A senior design leader at a large beverage company recently shared his thoughts on the definition of Design Thinking on LinkedIn, asking other members of the community to contribute their own thoughts alongside his. Hundreds of comments ensued. The post appears to be part of a multi-week campaign to position Design Thinking as a way to approach business problems and garner attention from business executives.
And we know that this attention has been hard to capture. A survey of over 600 designers that X-Rite fielded revealed that a common challenge designers experience is obtaining buy-in for their ideas.
This will have to change for entrepreneurs and business leaders to invest in and leverage design, but I believe that the new year will bring such a change. This is because designers already demonstrate many qualities that leaders do.
Straddling the line between idealist and rationalist, designers exhibit aptitudes for originality, insightful problem solving and planning. The same aptitudes are demonstrated by leaders.
In 2018, more designers will step forward as leaders in business, finding creative solutions, subverting stagnation and spotting the value of a new practice, technique or path. Growth and evolution require leading the way for others and seeing patterns and relationships within new information in order to consider, leverage and invest in innovation visions that may lack any precedence.
Designers lead by articulating a vision on paper (or on-screen) and by determining the specifications through which the vision becomes possible. Designers help their organization define innovation and drive forward design thinking to produce groundbreaking work with the potential to change the brand experiences, and sometimes even the lives of consumers.
Today, more and more business leaders understand the importance of being consumer-centric. At the end of the design process, there is a user. At the end of the product development process, there is a user. Within the whole consumer journey, there is a user. Designers are already adept at taking usage goals and experiences into consideration for each decision: choosing a particular color based on where it will be seen, the weight of paper stock or a type of material based on how it will be handled and the graphic elements featured based on target audience.
Design is the key to differentiation, which is critical in an age of increasing marketing channel complexity and more informed consumers expecting rapid brand response. It’s the mindset with which complex business challenges are solved. It’s the process through which business strategies are converted into meaningful work. Design and business strategy need to be seamlessly aligned and, in order to achieve this alignment, designers need to be given a seat at the executive table.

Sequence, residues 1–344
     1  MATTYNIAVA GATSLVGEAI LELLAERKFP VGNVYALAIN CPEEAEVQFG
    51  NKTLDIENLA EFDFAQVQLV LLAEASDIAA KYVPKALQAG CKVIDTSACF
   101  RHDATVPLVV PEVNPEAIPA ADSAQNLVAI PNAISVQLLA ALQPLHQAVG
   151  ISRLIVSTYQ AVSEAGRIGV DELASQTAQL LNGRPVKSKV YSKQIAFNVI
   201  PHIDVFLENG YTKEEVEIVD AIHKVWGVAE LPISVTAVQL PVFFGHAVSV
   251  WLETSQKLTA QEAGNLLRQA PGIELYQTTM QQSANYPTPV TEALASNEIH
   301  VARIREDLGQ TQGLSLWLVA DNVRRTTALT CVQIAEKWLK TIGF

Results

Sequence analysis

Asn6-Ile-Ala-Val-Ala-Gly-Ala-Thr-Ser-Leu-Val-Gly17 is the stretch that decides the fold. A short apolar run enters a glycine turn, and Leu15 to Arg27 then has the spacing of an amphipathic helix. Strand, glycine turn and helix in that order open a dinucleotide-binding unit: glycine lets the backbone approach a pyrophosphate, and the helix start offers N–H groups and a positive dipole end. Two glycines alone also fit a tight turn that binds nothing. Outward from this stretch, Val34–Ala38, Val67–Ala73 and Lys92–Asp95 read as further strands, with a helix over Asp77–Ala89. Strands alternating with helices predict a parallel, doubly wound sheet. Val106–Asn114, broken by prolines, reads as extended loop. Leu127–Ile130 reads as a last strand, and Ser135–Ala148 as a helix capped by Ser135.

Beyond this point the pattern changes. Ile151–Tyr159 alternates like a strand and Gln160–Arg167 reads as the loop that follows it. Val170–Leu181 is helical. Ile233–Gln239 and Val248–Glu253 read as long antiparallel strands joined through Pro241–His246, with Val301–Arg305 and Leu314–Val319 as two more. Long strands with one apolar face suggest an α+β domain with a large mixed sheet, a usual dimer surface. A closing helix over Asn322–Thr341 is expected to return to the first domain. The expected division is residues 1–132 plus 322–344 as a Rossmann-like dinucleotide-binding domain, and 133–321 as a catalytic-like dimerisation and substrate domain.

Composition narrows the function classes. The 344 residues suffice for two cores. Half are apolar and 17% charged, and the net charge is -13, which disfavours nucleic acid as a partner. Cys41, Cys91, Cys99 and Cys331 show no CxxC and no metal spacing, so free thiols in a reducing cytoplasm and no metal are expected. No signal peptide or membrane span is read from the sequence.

Designers will need to use the very traits that make them good designers to exercise leadership in their businesses:
Designers see people through the data. Crafting a quality consumer experience requires taking the time to consider the human being you are trying to reach. Designers combine business strategy with human empathy, keeping the organization consumer-centric.
Designers expect and adapt to change. Designs can change drastically, whether influenced by a new trend, a new technology, or simply the latest batch of feedback in the approval process. Designers are not married to the past. By expecting change, they are better positioned to act when change comes down the pipeline.
Designers strive for simplicity amidst chaos. Good designs, even seemingly complex ones, need to be built upon simple design elements. This tendency to look for simplification of form can be a strong advantage when discussing business strategy and innovation execution.
These are also powerful business strategies, making the voices of designers as business leaders invaluable.
In 2018, as user experience continues to move to the forefront of competitive advantage and business strategy, those who make decisions on behalf of the user, the designers, will step forward and exercise more and more business leadership.
To read more 2018 trends related to packaging and design, download our trends book: http://bit.ly/2ANx6v7